It? only when there hasn? been a Russell T Davies DOCTOR WHO script for a few weeks that you start to miss his quirky style, his off-kilter way of story-telling. Most of this series has consisted of perfectly serviceable adventure yarns and, good as many of them have been, they?e not all had the heart and soul of a Davies script. ?ove & Monsters?is far more recognisably Davies than anything else he? contributed to the series so far, populated as it is by real, believable people with idiosyncracies of their own and punctuated by cheeky knowing humour and some lovely visual flourishes. Directed with tongue-in-cheek zest by Dan Zeff, the tone is set by the pure SCOOBY DOO moment of Elton? first on-screen encounter with the Doctor and Rose as they chase a roaring alien beast in and out of a series of doorways in a manner which wouldn? disgrace a CARRY ON movie. But there? so much more to come, much of it via the neat plot device of Elton? to-camera monologues as he records his feelings and experiences to his home video camera. Through Elton? eyes and memories we meet equally-geeky Ursula (Henderson), the shy Mr Skinner (Greenall from I? ALAN PARTRIDGE), spaced-out Bliss (TWO PINTS?Kathryn Drysdale) and mumsy Bridget (THE BILL? Moya Brady). They?e an odd bunch, genuine outsiders (a metaphor for DOCTOR WHO-obsessed fans and their regular meetings to discuss their TV hero?) but it? heart-warming to watch them bond and become comfortable and relaxed with one another. Victor Kennedy is another matter, however. Comic Peter Kay reigns in his anarchic comedy temperament and creates a classy, if somewhat unlikely, bad guy, dominating the group from the moment he meets them and he pursues his own agenda in relation to tracking down the elusive Doctor. The episode, already high on smiles, becomes comedy gold when Elton ingratiates himself with Rose? Mum Jackie (Camille Coduri, criminally under-used in the show this year) and her clumsy attempts at seduction are as saucy as they?e ultimately doomed. It? in these scenes that Davies shows his mettle, turning the script on a dime as we appreciate the anguish and loneliness of those left behind when the Doctor selects some hapless new companion to join him on his travels. Jackie is achingly alone, terribly afraid and yet desperately loyal. There? probably more than a hint of grim foreshadowing when she announces to Elton that she? protect the Doctor and Rose until the day she dies?n
As this magnificent episode rattles to its conclusion we meet the true villain of the piece and the laughter rate skyrockets. Kennedy is the human form of a grisly green creature which takes delight in absorbing its victims. An appalled Elton describes it as ?n Absorboloff creature?(the monster having been created by the winner of a BLUE PETER competition, of course) and Kay resorts to his usual Northern accent as he devours his victims ?he tastes like chicken!?he declares as the hapless Ursula is sucked into his bloated frame. The Doctor and Rose arrive on the scene just as the Absorboloff is about to?robsorb Elton and he reveals himself as a native of the planet Klom, sister-world to Raxicoricofallaptorious, homeworld of last season? Slitheen. The Doctor encourages the creature? previous victims to literally tear him apart and when Elton destroys the cane which creates the energy field which keeps him in one piece, the Absorbaloff is effectively absorbed by the very ground he? standing on. But Davies ahs further surprises up his sleeve as the Doctor reveals that he was present in the young Elton? house that night in pursuit of some sort of elemental creature which, presumably, caused the death of Elton? mother. As the episode ends, Elton? back in front of his video camera, with his resurrected girlfriend Ursula imbedded into a paving stone to keep him company forever (and to enjoy a ?it of a lovelife?with him but we?l gloss over that one) and Elton realises that word is a lot stranger, darker and madder than he? ever realised. But, as he tells us as the credits crash in, it? a whole lot better too.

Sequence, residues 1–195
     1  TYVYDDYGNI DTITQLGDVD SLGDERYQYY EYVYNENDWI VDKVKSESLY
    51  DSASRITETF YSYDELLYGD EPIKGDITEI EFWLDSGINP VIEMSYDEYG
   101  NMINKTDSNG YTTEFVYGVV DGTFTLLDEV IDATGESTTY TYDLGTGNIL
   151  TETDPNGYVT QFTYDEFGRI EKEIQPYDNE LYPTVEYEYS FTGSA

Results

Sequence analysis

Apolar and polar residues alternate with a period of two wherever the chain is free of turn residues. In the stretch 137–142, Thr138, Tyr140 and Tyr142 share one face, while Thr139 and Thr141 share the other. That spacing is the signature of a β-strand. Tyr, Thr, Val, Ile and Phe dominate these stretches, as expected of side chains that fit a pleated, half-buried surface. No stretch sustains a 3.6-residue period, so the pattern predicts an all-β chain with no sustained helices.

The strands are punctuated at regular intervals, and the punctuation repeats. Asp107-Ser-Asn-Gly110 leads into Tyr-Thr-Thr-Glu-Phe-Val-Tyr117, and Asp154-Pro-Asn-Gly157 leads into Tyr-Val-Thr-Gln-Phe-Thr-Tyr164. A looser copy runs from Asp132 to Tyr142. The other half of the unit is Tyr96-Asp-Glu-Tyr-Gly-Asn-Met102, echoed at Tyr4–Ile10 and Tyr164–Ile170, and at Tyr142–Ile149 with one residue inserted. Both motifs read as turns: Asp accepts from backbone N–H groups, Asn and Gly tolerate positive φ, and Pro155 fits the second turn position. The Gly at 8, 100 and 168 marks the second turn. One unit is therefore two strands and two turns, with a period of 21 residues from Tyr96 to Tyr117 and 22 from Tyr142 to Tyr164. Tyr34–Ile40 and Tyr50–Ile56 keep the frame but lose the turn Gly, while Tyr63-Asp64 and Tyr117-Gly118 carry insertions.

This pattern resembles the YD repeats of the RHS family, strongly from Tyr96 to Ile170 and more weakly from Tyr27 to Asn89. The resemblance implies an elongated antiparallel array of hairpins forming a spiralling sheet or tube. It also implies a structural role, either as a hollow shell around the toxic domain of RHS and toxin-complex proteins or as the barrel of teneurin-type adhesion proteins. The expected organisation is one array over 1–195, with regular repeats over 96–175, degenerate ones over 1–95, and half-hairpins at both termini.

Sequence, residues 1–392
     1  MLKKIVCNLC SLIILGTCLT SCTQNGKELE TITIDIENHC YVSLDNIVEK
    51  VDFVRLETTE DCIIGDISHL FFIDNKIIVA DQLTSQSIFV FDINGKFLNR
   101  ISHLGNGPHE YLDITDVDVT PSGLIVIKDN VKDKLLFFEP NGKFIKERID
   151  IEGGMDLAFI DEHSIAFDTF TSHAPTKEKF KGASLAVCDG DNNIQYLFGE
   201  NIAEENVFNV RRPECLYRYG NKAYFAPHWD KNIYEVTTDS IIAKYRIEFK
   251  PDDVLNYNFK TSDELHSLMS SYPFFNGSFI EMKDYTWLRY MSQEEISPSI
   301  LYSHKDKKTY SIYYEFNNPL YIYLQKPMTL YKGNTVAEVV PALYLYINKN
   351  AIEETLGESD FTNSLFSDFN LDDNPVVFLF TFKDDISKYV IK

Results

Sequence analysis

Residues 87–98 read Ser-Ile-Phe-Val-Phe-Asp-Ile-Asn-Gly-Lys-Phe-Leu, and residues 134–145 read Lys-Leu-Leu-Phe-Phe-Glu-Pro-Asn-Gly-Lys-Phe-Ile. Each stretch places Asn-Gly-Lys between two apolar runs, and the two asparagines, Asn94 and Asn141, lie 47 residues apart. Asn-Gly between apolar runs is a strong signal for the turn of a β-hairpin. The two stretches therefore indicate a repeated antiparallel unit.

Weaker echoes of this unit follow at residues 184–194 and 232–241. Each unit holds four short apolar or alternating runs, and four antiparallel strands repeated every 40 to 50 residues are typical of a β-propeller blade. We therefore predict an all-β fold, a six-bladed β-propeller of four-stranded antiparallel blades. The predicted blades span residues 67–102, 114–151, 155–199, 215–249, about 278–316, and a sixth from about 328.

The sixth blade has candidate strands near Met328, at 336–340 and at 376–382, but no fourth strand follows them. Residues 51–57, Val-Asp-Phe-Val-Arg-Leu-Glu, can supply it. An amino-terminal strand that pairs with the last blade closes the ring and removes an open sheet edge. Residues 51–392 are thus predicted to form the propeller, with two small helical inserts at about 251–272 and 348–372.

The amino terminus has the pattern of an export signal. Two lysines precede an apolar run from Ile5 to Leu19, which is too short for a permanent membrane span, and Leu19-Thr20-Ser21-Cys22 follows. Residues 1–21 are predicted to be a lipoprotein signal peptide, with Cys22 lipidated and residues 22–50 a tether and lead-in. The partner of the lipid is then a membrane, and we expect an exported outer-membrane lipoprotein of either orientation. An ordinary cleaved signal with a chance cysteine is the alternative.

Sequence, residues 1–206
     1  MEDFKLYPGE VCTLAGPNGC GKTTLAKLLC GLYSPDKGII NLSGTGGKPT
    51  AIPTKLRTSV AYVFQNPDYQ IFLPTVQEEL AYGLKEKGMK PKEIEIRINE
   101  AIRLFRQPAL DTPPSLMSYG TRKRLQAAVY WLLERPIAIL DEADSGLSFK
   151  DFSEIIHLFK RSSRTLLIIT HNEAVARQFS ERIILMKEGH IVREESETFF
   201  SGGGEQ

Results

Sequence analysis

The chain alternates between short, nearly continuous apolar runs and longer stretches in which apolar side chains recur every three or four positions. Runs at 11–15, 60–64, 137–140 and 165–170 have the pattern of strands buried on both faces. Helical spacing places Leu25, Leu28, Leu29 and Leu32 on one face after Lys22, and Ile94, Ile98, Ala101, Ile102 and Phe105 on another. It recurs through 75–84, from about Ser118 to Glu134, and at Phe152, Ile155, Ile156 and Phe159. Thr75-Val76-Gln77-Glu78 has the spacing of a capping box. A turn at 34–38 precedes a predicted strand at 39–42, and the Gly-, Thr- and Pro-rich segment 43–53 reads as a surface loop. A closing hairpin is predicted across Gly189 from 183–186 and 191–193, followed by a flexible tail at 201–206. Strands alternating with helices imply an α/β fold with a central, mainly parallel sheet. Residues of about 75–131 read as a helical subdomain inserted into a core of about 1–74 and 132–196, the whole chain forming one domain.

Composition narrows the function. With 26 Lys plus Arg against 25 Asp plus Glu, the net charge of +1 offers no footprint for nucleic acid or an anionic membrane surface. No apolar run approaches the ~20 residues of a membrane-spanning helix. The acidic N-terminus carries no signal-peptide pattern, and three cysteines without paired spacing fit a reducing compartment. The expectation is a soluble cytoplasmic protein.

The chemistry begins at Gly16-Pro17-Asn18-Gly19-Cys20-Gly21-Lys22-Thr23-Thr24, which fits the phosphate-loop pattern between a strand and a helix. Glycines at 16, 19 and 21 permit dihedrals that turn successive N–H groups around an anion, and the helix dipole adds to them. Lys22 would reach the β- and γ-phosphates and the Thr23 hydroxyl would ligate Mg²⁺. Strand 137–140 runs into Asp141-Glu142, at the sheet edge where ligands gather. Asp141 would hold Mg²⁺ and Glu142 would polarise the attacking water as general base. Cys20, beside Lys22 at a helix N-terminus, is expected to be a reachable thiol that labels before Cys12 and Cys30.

?ove & Monsters?is remarkable and it? an episode which really demands and deserves repeated viewing. The story itself is superficial but functional but just this once it? about the style, the unique tone of the piece and the way it really tells us much more about the Doctor and his lifestyle and how it affects the people he meets than any more traditional runaround. Ultimately it? a charming diversion, an experiment forced upon the production team by the double-banking which required two episodes to be filmed at once (hence the cameo nature of the Doctor and Rose? appearances). More than that it does everything modern DOCTOR WHO sets out to do. It touches the heart, it touches the soul and it just makes you realise, as if we ever really doubted it, what a national treasure the series is. Not for the traditionalist, ?ove & Monsters?is manna from Heaven for those of us who like our drama to take risks. Last week? ?atan Pit?was my favourite single episode of DOCTOR WHO ever. It didn? keep its title for long.